PIMs, Resource consent and Producer Statements
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A project information memorandum (PIM) is a report that outlines any information or special features of the land, as well as regulatory requirements that may impact/be relevant to building on that site. The report is prepared by Council and provides a basis of information for all parties involved in the project.
Although not mandatory to get a PIM, Council recommends that all people apply for one when creating new dwellings, commercial projects and other large or significant building activities. A PIM also assists in the building consent process. It identifies whether the need for consent is there, assists in the information and requirements for service connections/disconnections, as well as providing the owner any information that Council has on the land on which you intend to build.
How do you apply for a PIM?
You must provide Council with a completed application form, as well as:
- Details of where the building work will be carried out
- Details on the type of work that will be carried out
- Specific details if the use of the site/building is to be changed
- The estimated value of the building work
- Previous consents issued for the project
- Subdivision details
- Any other information that may be required by Council (check with us)
- Considerations of any existing drains or sewers close to wells or water mains
How long will it take for the application to be processed?
Council has an obligation to issue the PIM within 20 working days of receiving an application. If needed, more information may be requested by Council within 10 working days of receiving the application. The application will be suspended until the information is received.
If a PIM has not previously been issued for the site and it has potential to affect a registered historic place, historic area, waahi tapu or waahi tapu area, then Council will advise the New Zealand Historic Places Trust within five days.
What will be in the PIM when you receive it?
The PIM will include information that relates to the proposed building work. This includes:
- Information that identifies special features of the land (if any)
- Information that has been provided to the territorial authority by a statutory authority (in relation to the building site)
- Information on existing storm/waste water systems (on or near the building site)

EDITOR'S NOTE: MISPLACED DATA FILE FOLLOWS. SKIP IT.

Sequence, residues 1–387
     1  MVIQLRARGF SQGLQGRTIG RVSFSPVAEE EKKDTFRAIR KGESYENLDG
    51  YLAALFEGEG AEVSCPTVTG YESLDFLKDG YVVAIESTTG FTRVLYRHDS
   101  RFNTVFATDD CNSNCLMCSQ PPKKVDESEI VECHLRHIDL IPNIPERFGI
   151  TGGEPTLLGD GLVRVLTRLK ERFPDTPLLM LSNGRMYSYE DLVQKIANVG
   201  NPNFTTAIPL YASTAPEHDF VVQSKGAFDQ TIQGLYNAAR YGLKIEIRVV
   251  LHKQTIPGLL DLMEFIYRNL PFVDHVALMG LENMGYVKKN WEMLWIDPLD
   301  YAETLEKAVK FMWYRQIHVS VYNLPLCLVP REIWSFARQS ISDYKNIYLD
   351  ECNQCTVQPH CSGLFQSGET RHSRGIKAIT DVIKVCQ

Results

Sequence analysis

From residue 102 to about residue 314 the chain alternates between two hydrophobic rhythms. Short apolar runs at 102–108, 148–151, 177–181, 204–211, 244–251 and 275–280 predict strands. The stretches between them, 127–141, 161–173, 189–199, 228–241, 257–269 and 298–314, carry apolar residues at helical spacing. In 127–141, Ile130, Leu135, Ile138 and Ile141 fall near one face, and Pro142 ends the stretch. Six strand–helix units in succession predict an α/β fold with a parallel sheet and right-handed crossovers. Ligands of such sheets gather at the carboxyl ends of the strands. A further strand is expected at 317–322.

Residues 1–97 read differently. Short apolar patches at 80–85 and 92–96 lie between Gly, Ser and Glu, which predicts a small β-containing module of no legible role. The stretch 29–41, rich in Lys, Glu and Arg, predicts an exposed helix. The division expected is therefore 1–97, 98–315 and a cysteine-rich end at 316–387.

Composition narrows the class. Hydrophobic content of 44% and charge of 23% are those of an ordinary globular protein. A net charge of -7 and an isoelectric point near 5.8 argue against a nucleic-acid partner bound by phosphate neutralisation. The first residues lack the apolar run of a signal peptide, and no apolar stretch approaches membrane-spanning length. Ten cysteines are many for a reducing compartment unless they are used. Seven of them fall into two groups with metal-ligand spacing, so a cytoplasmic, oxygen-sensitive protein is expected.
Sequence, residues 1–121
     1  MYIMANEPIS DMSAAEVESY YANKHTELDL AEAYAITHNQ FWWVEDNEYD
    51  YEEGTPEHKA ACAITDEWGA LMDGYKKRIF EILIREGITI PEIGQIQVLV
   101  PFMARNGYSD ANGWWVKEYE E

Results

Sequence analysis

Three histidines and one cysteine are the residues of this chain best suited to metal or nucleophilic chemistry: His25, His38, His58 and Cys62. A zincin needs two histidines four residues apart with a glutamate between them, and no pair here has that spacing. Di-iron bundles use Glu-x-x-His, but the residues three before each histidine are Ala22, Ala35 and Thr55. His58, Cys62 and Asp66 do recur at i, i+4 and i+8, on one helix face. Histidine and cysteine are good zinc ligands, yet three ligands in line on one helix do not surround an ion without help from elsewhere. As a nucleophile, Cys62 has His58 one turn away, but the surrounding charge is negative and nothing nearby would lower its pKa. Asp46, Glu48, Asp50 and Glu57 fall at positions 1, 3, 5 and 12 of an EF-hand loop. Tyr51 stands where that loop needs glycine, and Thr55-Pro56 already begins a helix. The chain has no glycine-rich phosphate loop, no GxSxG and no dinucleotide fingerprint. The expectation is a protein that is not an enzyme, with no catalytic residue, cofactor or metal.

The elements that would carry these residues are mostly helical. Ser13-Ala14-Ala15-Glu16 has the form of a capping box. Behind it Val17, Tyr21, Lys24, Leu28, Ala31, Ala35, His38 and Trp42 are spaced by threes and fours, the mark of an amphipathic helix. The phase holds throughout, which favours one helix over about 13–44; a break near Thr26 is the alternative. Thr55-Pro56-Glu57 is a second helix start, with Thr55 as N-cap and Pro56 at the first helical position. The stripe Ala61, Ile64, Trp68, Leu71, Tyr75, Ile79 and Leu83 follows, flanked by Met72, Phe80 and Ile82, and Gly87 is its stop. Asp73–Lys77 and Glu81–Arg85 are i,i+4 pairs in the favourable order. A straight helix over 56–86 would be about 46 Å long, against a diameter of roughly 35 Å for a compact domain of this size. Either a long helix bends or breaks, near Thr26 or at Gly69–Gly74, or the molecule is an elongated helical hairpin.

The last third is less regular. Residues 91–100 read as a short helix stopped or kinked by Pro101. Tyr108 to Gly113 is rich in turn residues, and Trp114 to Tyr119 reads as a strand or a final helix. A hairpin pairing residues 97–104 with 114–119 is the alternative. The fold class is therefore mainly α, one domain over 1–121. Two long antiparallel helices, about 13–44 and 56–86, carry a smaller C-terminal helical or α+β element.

- Information of any requirements to be met and conditions in regards to the building site that may not be accessible under other Acts
- Confirmation that building work may be carried out on the site (as long as other documentation is applied for and approved) OR notification that the proposed work had been refused
Read more about PIM’s here.
You may need to apply for resource consent, depending on the requirements of the District or Regional Plan.
Under the Resource Management Act, regional and city or District Councils prepare plans to reflect the desires and aspirations of the local community in relation to natural or physical resources, and activities that affect the environment.
You may need a resource consent if you’re planning to:
- construct a new building or make additions or alterations to an existing building
- change a building’s or property’s use
- subdivide a property
- prune, remove or work near a protected tree
- carry out earthworks
- erect a sign
Before you start any activity that may affect your neighbours, your wider community or the environment, please consider contacting Kaikōura District Council and speaking with a Planning Officer regarding your proposal.
Please note, under the Building Act 2004, section 37
A Territorial authority must issue a certificate if resource consent required
(1) This section applies if a territorial authority considers that—
(a) a resource consent under the Resource Management Act 1991 has not yet been obtained; and
(b) the resource consent will or may materially affect building work to which a project information memorandum or an application for a building consent relates.
(2) The territorial authority must issue a certificate, in the prescribed form, to the effect that until the resource consent has been obtained—
(a) no building work may proceed; or
(b) building work may only proceed to the extent stated in the certificate.
(3) The certificate must be—
(a) attached to the project information memorandum; or
(b) if no project information memorandum has been applied for, provided to the building consent authority.
A producer statement is a professional opinion based on sound judgement and specialist expertise. It is not a product warranty or guarantee of compliance. If a producer statement is supplied with your building consent such as an engineer’s PS1 and the engineer has stated they will undertake site inspections to verify their design this then forms part of your approved building consent.
19 June 2018